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Nature has provided most of the answers for the balanced farming system manager Tim Parton is running in Staffordshire, which is delivering double-digit wheat yields with a much reduced reliance on chemical inputs.
Having started his Regenerative Agriculture journey back in 2009 by concentrating on soil health, he is now overseeing a complete system change based on biology, which only occasionally needs a helping hand.
In 2020, he won Farmers Weekly Awards for Farm Innovator for his pioneering approach with regenerative agriculture.
See also: Regenerative farming: The theory and the farmers doing it
While he admits that the management side has been harder work at times, he points out that the rewards are much higher when the ecosystem is working in harmony – not just for him, but for the entire farmed landscape and wider society too.
“It’s still possible to produce 10t/ha wheat crops without a heavy reliance on nitrogen (N) fertiliser, fungicides and cultivations,” he says. “If you have a biologically active soil, in time the rest will follow.”
By the rest, he means biodiversity and wildlife just as much as profit and food production, stressing that unless farm businesses can make money, they won’t be able to make the transition to the regenerative practices that are likely to be expected from them.
As the biological system at Brewood Park Farm has evolved, Mr Parton’s use of conventional farming inputs has been dramatically reduced across 300ha of combinable crops and grassland, while his soils are cycling organic matter and releasing nutrients for the crops.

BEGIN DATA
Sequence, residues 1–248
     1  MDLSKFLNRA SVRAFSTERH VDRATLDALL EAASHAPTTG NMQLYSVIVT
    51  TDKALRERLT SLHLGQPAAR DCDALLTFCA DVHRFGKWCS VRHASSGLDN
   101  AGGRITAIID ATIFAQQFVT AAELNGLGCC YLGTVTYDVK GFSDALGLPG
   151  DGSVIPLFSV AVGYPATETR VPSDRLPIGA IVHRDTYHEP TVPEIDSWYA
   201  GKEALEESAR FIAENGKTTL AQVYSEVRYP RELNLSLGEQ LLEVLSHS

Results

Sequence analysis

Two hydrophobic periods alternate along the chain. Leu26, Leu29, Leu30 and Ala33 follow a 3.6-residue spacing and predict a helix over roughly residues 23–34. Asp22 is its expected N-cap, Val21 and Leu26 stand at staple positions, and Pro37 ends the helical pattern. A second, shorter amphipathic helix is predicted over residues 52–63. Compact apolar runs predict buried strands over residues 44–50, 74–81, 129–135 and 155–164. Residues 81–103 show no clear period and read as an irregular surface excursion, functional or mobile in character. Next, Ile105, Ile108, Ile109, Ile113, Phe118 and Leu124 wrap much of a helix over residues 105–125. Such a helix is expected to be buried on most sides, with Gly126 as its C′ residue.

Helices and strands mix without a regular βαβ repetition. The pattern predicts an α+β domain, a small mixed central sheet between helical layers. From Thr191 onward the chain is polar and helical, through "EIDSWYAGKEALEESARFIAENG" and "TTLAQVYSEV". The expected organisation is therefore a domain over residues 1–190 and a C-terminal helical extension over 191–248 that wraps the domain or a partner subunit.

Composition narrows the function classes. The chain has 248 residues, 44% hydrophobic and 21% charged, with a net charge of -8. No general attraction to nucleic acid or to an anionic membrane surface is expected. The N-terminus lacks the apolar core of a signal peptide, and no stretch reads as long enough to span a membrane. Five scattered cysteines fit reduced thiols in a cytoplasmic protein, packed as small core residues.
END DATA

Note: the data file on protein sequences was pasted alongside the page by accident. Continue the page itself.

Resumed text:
Mr Parton reckons he is saving about £60,000/year on inputs, having eliminated the need for insecticides, phosphorus (P) and potassium (K) applications, plant growth regulators and seed treatments, as well as minimising the use of fungicides and herbicides.
“I’m spending £50/ha on disease control in wheat and £30/ha on weed control. There’s no reason to think that those costs won’t reduce further as more progress is made.”
He does spend money on less-familiar inputs and equipment though. He adds microbes at drilling as a drench, spending £2.50/ha on sachets of powder that are brewed and included with N and P releasing bacteria, as well as trichoderma fungi.
“This way there’s no need for a seed treatment and the crop gets off to a good start. As soils start to cycle more, the need to apply drench may diminish, but for such a small cost, I may as well continue.”